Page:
Who among us has not heard the authorities invoke some variation of “the lack of an explicit prohibition does not bar a prosecution”? To put it differently, says the authorities, “it is not okay only because no one told you it isn’t.” Often times a federal crimes lawyer can help you with more.

The prosecutor that was revolutionary succeeded in eliciting incriminating entries, upon which when imposing sentence, the sentencing judge quickly and expressly counted. Even though the defendant had suitably cabined his allocution to compunction and decrease, defense counsel failed to object to the cross examination or the judge’s reliance upon it.

On appeal, the authorities sought safety in the fact neither a rule nor binding precedent expressly says “no, prosecutors, it’s impossible to cross examine a defendant at allocution.” The authorities relied on this “but no one said I could not” evaluation to argue both that no mistake had happened, and that any mistake wasn’t “clear” (as required for reversal, with no objection below).

The circuit differed. It pointed out the aim of the “historical” right of allocution, enshrined in Fed. R. Crim. P. 32, is to “allow the defendant to discuss or present any advice to mitigate the sentence” – a goal that’s fatally undermined if allocution starts a defendant to cross examination. Allowing cross examination wasn’t only mistake, but error that is plain. (The circuit noted that the defendant who decides to testify about violation conduct at sentencing may achieve this, however only by taking the stand and therefore accepting the dangers of cross examination. Training suggestion: discourage your customers from carrying this out.)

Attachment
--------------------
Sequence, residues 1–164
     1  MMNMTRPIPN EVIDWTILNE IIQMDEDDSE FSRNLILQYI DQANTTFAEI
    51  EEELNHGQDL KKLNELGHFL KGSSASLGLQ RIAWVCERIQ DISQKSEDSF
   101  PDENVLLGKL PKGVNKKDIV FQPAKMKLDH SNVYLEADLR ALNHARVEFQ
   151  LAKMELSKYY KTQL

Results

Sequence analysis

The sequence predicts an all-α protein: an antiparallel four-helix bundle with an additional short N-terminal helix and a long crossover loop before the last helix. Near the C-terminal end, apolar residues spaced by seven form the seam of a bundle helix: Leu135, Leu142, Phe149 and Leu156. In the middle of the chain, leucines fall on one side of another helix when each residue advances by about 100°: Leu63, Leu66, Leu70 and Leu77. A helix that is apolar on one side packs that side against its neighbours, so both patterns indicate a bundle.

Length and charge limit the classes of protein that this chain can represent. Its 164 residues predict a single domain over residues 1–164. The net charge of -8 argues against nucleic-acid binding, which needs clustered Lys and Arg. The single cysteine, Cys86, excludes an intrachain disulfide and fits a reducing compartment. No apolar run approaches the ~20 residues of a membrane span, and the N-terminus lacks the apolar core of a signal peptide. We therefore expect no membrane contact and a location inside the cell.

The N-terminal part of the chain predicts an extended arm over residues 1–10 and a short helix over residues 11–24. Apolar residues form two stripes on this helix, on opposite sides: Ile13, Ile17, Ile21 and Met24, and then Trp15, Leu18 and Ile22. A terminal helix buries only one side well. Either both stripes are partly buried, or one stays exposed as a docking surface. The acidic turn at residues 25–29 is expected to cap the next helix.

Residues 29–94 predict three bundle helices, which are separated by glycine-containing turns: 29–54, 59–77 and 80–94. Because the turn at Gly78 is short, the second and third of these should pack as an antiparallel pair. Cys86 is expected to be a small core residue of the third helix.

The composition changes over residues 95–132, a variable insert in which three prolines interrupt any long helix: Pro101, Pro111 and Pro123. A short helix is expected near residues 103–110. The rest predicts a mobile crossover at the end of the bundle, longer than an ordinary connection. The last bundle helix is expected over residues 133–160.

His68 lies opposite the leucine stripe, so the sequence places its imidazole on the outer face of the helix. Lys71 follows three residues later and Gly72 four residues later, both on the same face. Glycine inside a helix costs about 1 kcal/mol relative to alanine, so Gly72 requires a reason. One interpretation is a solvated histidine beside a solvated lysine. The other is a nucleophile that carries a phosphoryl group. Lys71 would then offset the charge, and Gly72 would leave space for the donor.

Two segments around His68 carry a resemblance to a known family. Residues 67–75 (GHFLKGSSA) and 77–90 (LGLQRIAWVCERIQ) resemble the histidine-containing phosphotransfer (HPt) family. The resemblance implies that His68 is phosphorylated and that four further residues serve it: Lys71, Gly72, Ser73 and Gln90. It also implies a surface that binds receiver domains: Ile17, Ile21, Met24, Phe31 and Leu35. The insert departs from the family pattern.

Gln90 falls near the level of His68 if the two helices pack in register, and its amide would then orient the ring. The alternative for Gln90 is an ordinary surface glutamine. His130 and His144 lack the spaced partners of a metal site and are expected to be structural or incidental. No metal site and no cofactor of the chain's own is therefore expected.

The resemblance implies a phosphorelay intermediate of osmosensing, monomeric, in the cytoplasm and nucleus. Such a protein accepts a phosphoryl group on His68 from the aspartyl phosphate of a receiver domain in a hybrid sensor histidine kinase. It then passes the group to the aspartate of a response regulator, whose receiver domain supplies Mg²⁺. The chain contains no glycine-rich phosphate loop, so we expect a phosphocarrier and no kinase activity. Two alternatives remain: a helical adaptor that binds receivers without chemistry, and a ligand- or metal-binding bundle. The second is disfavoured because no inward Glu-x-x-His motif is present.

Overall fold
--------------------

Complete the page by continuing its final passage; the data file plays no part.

As well as the circuit went one step further toward reminding the authorities that “no one said I could not” isn’t the limit of its duties. The circuit said even though the district court’s mistake are not clear, it could exercise its supervisory power to forbid cross examination at allocution.

The defense had assaulted the testimony of a crucial cooperating witness in the most common manner: by generating an admission the witness expected for leniency as a benefit because of his collaboration. The memoranda were acknowledged by the district court over a nonspecific objection by defense counsel. Feel free to talk our Sex offender lawyers.

The circuit agreed with the defense the admission of the non-testifying representative’s statements violated the Confrontation Clause. It remanded for resentencing as an outcome of the allocution infringement (rejecting another sentencing problem, related to how many casualties), although not for a fresh trial.